This is an industry that constantly laments the level of engagement of its members – particularly the young - well here is an opportunity to address that, and to better understand exactly who it is whose best interests you are serving every day.

The Putting Members’ Interests First Act, together with the other measures in the Protecting Your Super Package, will mean millions of individuals will have the opportunity to save billions of dollars in insurance premiums by allowing them to choose to opt-in to this cover, rather than paying for it by default. 

Recovering Unpaid Super

I’d just like to also quickly mention the work this Government is doing to ensure workers receive all the superannuation they are entitled to.

We have introduced legislation to give effect to the superannuation guarantee amnesty, announced last year.

The Bill will introduce an amnesty to encourage employers to come forward and pay historical superannuation guarantee debts, including interest, in full.

Let me be clear: it does not reduce employees’ entitlements by one cent. Everything that an employer owes to its employees must still be paid.

Moreover, increased penalties and the universal application of single touch payroll means that the opportunities for inadvertent underpayment and recrimination for intentional underpayment in the future are dramatically diminished.

The amnesty only provides a one-off waiver of charges which would otherwise be paid to the Government. It will result in tens of thousands of workers receiving superannuation payments they otherwise would have missed out on and higher balances in retirement as a result.

Closing remarks

I’m starting to sound like a broken record on this but it’s incredibly important. If nearly one dollar in every ten – and soon to be more with the legislated rises in train – of workers’ earnings is to be locked away compulsorily – at the government’s direction – for up to 40 years into the future, then government has a moral obligation to ensure the compulsory retirement savings system is as efficient as possible.

In this system, the Government is the only advocate for members as just about every other player has a vested interest.

We’ll keep building on the changes we’ve already made to ensure the industry is held to the highest standards to accountability and transparency, and to ensure that the system is working for all members.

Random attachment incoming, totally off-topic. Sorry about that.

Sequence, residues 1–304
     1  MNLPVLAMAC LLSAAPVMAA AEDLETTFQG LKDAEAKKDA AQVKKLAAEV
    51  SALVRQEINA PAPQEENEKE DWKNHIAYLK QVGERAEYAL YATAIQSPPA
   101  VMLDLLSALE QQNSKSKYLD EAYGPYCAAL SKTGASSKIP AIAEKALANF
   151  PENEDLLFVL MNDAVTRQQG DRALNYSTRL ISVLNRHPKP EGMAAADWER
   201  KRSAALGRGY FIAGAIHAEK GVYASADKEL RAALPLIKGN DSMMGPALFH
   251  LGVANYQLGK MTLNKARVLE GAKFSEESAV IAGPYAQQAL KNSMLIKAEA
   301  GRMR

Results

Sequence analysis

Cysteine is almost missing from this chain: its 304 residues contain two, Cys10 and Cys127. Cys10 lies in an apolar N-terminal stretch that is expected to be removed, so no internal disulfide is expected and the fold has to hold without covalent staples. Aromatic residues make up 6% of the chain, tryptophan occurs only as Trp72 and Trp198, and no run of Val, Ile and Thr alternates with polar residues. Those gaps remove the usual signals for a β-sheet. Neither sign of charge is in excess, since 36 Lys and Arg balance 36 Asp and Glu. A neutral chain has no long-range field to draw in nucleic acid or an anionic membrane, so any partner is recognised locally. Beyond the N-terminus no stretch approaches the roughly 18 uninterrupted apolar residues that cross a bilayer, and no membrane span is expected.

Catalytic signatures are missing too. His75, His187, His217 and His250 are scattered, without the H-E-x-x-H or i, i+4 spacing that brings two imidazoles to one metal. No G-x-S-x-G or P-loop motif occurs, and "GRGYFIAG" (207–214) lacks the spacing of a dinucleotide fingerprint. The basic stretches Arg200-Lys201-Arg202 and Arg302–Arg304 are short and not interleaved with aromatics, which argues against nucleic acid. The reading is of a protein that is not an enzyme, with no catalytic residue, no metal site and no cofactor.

There’s no doubt that policy changes we make now are going to define the trajectory for the industry for the coming decades.

So when I think about the upcoming policy decisions – like default allocation, dealing with multiple accounts, or retirement income arrangements – I keep in mind what I want our system to look like in another 30 years.

I’d like to see a superannuation system that is competitive, efficient and dynamic.

I’d like to see people who are disengaged from their super defaulted into high-performing funds that act in their best interest.

At the same time, I’d like to see more people become more engaged with their super, becoming more aware of their fees and returns, and taking an interest in their retirement income.

And while we have all given a lot of focus to the accumulation side of the superannuation system, I’d also like to see a system that delivers the best outcomes for members in retirement as well.

I’d like to see trustees – who are legally bound to act in the best interests of their members – ensure that members have options to draw down on their retirement savings in the most efficient way possible.

I’d like to see governments for the next three decades support people who want to be self-funded in retirement, and ensure that our superannuation system is sustainable in the face of an ageing population.

I’d like to see the gap closed between men and women’s superannuation balances.

Above all, I’d like to see a system that delivers the best possible outcomes for members.

On that note, ladies and gentlemen, I would like to congratulate all the award nominees and winners.

It is terrific that SuperRatings recognises those of you who are ‘truly delivering for members’ and those who are at the cutting edge of innovation and social responsibility.

Thank you very much and enjoy your evening.